Karlsbad 1907 International Chess Tournament is, without a doubt, a classic of chess literature and this beautifully produced edition, bound in red cloth, is commensurate with its worth. Ideally, it should be read in a wood-paneled library with a glass of port by your side and your faithful bulldog napping by the fire. It is an absolute pleasure for all who love chess.

The best online summary of Karlsbad 1907 International Chess Tournament is at the  New in Chess website – read it here.

Book Details

Karlsbad 1907 International Chess Tournament

By George Marco and Carl Schlechter

Translated by Robert Sherwood

Caissa Editions, 2007


Fighting Chess with Hikaru Nakamura

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Fighting Chess with Hikaru Nakamura

A compelling portrait of the winner of the 2017 Tradewise Gibraltar Masters, who also happens to be the most exciting player in the world right now.

Each chapter begins with a game or two from Wijk aan Zee 2011, Nakamura’s breakthrough tournament – he won it, finishing ahead of Anand and Carlsen and a slue of other elite players – and then goes on to discuss a key aspect of his game. Nakamura’s prowess in the endgame, his opening repertoire and in particular his penchant for the King’s Indian Defence, the risk-taking and fighting spirit that’s so characteristic of his style, and his enthusiasm for bullet and blitz; these are some of the topics under discussion. A wide-ranging interview takes up the bulk of chapter 6.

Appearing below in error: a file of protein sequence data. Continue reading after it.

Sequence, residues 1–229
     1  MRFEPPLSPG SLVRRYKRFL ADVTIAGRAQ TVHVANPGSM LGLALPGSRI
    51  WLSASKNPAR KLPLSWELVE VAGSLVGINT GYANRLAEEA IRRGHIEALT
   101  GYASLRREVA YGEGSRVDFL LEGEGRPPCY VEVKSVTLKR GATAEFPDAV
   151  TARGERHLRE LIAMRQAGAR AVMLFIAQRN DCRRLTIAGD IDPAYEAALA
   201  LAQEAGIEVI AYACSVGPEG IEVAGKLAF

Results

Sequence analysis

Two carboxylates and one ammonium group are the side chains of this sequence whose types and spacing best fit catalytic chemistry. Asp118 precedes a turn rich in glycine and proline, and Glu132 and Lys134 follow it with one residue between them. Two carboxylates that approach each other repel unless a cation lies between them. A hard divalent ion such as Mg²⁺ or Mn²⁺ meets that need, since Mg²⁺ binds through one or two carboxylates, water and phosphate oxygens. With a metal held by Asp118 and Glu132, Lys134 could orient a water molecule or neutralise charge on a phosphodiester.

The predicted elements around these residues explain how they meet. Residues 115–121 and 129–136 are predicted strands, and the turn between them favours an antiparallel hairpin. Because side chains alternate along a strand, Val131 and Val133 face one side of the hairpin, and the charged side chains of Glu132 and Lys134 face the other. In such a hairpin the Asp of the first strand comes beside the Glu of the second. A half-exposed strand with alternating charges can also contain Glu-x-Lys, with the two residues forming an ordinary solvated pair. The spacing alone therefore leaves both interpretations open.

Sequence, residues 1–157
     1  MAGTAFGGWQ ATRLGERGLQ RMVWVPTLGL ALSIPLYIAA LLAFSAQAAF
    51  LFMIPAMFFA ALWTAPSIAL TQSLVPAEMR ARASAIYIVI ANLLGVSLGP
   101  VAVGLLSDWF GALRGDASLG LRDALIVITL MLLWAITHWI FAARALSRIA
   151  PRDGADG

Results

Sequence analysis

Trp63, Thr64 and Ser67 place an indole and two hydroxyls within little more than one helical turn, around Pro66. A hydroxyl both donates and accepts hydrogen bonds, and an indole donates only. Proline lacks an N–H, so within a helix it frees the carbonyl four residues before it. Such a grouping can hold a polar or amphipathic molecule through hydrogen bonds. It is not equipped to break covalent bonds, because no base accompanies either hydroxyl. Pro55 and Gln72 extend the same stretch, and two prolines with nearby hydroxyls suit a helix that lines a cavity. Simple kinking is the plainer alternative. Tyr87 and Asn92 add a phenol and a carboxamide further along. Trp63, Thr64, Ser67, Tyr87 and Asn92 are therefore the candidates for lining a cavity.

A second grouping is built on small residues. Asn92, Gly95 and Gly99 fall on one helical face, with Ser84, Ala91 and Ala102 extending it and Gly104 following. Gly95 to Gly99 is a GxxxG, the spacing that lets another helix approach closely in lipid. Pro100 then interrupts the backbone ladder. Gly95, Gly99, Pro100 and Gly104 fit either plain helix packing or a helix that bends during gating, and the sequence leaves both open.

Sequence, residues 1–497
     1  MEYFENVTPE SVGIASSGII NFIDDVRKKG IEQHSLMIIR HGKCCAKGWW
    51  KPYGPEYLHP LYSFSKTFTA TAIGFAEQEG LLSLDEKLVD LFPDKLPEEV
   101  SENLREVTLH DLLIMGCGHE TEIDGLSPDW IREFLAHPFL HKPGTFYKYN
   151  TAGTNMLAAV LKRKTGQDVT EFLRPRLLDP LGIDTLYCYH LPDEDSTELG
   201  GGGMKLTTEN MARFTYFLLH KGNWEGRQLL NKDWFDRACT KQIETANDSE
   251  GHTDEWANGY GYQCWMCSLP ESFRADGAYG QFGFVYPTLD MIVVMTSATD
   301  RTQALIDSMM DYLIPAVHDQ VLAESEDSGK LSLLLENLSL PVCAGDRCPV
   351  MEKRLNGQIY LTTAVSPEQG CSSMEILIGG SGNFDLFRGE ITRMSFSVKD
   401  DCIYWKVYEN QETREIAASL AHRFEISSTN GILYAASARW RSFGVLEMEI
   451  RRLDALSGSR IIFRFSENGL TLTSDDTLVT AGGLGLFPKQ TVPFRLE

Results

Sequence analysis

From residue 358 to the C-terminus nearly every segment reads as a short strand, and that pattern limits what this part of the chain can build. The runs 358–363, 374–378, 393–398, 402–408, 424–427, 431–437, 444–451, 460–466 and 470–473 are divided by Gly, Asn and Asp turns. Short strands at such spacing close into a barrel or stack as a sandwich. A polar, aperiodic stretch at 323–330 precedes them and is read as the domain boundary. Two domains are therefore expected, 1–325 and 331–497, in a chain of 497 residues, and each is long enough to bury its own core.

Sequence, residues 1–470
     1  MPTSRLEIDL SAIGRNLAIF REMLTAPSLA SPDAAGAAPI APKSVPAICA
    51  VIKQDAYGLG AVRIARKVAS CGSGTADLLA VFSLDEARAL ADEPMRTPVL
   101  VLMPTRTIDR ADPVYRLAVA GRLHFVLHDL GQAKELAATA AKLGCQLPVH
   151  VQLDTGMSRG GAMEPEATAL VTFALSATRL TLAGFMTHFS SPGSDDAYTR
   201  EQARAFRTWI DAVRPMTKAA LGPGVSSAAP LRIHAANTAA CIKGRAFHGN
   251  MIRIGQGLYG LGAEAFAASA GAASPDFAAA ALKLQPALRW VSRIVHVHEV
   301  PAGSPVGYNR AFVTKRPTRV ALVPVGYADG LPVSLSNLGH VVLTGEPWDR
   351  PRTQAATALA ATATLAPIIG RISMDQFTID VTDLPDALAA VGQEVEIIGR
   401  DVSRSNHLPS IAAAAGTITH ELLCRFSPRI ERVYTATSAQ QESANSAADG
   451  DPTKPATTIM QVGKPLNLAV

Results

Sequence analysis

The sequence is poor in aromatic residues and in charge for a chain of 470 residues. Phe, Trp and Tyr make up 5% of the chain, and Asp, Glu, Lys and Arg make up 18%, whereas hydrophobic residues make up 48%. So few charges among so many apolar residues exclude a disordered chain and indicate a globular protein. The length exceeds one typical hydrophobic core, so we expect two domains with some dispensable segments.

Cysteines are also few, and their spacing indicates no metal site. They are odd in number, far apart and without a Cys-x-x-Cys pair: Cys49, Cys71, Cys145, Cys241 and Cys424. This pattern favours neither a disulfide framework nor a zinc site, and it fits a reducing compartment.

My only slight qualm is with the constant comparison with Fischer (particularly rife on pages 109-124), which doesn’t do Nakamura any favours and, anyway, is beside the point. He is an elite player certainly, but he is not and is unlikely to be the dominant force that Fischer once was. And he plays much more than Fischer ever did – a different approach entirely. Perhaps the comparison is a curse that all talented American grandmasters must endure (Seirawan got it to some extent). Anyway, results and interviews (e.g. this one at Chessbase) suggest that Nakamura has found his own path.

There’s plenty of chess here, the final chapter including five of Nakamura’s best games (four chosen by the player himself), but as intimated it is more than simply a games collection. This is a terrific book overall and important too, in that Nakamura may well be Carlsen’s next challenger.

Hikaru Nakamura’s website is here.

The publisher’s description of Fighting Chess with Hikaru Nakamura by Karsten Müller and Raymund Stolze can be read here.

Book Details

Fighting Chess with Hikaru Nakamura

By Karsten Müller and Raymund Stolze

Edition Olms, 2012

ISBN: 9783283010232

Written by P.P.O. Kane

February 6, 2017 at 3:22 pm

Wojo’s Weapons: Winning With White, Volume 1

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 Wojo's Weapons: Winning With White, Volume 1